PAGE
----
April 18, 2017 — It was current College of Medicine student Michael Jones’ first semester as a UF undergraduate: he sat in the academic advising office, nervously waiting to choose his course load. He discussed his background and interests with an advisor.
“You’re from Baker County?” the advisor said. “Let’s start you off with an easy semester.”
That experience inspired the first-generation college student to pursue a medical degree that would enable him to aid underserved, rural areas like his hometown of Macclenny, Florida, near Jacksonville.
“Coming from a small town like I did, there’s sort of a stigma. People may think you’re not good enough,” he says. “Seeing people have confidence in me were big factors in me getting here physically and cognitively.”
Jones, now in his first year at the College of Medicine, says receiving the Doctors Barbara and Dennis Williams Scholarship Fund makes reaching his goals more feasible.
“The generosity of Drs. Dennis and Barbara Williams and the UF College of Medicine eased my financial burden of attending medical school,” he says. “They allowed me to focus on the excitement of becoming a physician rather than worrying about money. I am profoundly grateful.”
Dennis and Barbara Williams, both members of the UF College of Medicine’s class of 1975, started this scholarship last year to alleviate the economic stress of schooling from a high-achieving and deserving medical student.
So far, Jones has found a welcoming atmosphere within the George T. Harrell, M.D., Medical Education Building. Between classes, he grabs a coffee or plays a round of ping-pong with his classmates.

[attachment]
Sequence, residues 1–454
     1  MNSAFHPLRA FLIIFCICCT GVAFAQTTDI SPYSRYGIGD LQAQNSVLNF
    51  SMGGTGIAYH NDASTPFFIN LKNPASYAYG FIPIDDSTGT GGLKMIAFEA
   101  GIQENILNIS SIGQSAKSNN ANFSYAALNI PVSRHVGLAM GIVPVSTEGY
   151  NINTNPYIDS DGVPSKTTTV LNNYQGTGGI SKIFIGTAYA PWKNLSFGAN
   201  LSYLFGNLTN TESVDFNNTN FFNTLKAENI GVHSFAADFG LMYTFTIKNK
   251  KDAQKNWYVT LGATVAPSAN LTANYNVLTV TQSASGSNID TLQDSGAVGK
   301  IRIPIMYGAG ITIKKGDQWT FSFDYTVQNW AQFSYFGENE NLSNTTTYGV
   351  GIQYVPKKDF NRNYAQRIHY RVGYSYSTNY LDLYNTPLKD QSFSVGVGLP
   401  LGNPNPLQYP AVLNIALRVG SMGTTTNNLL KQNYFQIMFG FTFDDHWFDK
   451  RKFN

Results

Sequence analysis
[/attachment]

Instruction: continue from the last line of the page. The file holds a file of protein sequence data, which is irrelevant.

“It feels like a big family,” he says. “All of our class meshes well together, no matter where they’re from or their background.”
Jones can recall with clarity the experience that drove him to choose a future in patient care. He was serving as a volunteer research assistant in 2013 and 2014, working with an experimental therapy for children with intractable epilepsy. He entered a room in the UF Clinical and Translational Research Building, expecting to collect a routine blood sample. What he encountered was a six-year-old girl with epilepsy and her parents, smiling and emotional as they told Jones their daughter had just spoken her first words, a milestone previously deemed impossible due to her near-constant seizures.
“With tears welling in my eyes and blood sample in hand, the return trip down the white hallway was different,” he says. “Everything that was previously bleak became invigorating. I felt an overwhelming happiness when that little girl spoke, and that emotional connection proved to me that patient contact was something I desired in my career.”
Jones says his experiences have proven that there is no one best path to medical school.
“Don’t let anybody tell you you can’t do it. There’s really no single route to get here,” he says. “Everything I was hearing was, you have to volunteer here for so many hours, or you have to shadow these doctors. I came to the conclusion that I would try to do the things I’m passionate about and the things that would eventually make me a good doctor.”